For instance is the filter to pump thread eventually going to crack off from vibration if they is solidly screwed together? What sort of cradle for a riged stack design should I use?
 

Flow

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I would be careful with those filters. Most cars with those pumps have filters about the size of the pump if not double.
Those are the pre-filters, the post filter is the same size as the pump. There is a long version of the pre-filters if required. They are certainly a step up from the factory supplied pre-filters.

Back to the vibration/fatigue question when solidly screwing the filters etc into the pumps?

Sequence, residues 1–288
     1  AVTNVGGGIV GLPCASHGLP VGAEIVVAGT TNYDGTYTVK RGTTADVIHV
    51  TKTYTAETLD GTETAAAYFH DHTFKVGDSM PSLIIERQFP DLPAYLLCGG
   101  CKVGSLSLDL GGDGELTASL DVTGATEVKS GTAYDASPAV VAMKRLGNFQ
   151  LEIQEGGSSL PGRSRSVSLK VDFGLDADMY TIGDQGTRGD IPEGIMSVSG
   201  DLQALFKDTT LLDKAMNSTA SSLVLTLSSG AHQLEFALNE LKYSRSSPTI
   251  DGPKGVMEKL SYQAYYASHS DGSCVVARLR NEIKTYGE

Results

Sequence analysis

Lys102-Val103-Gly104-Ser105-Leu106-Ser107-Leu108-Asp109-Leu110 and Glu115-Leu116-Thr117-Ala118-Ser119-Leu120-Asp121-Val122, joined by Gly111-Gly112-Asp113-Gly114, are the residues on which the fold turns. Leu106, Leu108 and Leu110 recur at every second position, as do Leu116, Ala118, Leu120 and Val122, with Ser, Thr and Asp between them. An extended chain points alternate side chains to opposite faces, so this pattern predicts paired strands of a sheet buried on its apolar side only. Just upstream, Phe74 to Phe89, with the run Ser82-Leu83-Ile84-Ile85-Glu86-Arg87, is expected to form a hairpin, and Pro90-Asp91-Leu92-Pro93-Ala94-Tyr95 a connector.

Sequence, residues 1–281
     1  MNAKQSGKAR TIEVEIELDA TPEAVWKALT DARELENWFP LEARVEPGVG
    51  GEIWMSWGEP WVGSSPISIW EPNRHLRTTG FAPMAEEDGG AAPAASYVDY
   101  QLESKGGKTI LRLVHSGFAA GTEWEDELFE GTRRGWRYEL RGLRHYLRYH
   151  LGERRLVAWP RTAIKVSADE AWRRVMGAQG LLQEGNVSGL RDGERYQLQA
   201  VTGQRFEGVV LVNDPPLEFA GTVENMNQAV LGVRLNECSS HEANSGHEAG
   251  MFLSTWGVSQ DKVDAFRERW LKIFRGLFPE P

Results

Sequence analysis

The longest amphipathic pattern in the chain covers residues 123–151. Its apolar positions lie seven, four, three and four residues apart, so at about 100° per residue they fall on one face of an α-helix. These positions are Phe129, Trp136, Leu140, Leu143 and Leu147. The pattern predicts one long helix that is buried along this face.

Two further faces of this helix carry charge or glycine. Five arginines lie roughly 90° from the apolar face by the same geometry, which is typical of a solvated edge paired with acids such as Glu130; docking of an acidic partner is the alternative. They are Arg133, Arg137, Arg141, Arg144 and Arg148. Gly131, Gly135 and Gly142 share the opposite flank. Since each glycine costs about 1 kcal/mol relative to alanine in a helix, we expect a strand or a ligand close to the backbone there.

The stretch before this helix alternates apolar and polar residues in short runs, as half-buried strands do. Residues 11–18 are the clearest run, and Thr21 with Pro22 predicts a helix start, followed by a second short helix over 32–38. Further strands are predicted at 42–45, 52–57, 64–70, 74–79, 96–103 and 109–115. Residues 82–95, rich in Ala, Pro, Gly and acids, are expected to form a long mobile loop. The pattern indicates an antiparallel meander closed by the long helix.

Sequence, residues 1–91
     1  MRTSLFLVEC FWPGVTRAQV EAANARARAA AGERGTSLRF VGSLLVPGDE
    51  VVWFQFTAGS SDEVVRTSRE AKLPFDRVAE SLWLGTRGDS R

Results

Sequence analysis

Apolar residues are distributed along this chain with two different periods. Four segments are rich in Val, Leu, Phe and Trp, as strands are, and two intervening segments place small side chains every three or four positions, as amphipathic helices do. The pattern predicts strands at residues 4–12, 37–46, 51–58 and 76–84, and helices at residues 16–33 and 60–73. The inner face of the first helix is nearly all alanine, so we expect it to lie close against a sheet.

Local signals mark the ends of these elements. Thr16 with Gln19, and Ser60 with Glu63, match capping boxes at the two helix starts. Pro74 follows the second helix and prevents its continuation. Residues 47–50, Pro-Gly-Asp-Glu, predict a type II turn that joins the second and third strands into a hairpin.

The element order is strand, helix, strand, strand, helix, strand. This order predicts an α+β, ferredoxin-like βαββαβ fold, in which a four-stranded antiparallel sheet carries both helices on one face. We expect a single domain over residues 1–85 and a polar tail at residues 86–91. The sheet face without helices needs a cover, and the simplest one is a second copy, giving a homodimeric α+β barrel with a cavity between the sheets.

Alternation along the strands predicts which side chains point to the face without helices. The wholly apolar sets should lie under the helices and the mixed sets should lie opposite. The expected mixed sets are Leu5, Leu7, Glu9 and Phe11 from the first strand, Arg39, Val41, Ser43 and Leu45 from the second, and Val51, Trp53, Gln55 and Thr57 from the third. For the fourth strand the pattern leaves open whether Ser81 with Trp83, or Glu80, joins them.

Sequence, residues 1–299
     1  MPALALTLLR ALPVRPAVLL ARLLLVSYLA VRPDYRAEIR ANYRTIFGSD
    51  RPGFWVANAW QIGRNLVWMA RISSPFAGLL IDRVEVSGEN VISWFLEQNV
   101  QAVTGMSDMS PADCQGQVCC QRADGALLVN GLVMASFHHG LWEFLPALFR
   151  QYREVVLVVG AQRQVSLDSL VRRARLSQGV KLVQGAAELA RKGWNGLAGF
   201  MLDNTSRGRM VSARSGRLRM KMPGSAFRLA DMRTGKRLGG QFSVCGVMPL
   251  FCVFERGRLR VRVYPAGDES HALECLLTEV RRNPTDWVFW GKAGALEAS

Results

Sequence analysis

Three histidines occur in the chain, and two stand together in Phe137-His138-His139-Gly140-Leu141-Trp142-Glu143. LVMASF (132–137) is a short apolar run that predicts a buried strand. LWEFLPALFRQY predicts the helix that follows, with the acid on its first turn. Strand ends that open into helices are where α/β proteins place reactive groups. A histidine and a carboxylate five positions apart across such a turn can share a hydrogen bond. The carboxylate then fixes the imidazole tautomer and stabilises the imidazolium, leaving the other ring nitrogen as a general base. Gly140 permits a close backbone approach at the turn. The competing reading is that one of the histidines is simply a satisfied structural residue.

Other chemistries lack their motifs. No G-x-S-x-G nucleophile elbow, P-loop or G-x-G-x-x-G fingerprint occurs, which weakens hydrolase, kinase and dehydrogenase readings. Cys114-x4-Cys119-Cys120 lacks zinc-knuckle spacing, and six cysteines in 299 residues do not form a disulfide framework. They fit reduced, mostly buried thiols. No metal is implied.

TFF

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I’m talking pre filters too. My Alfas and XJS have the filter after the tank and before the pump. They are bigger than the pump. Same style pumps.
 

rv7charlie

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Sorry; I should have tried to answer your specific question. The simplest way to compensate for the different diameters is to use something like an Adel clamps on each, and use different height standoffs to tie the Adel-like clamps to structure. To stabilize, you *could* roll your own clamp out of sheet aluminum, with it being a significant percentage of the length of the pump or filter, and use 2 fasteners to tie it down.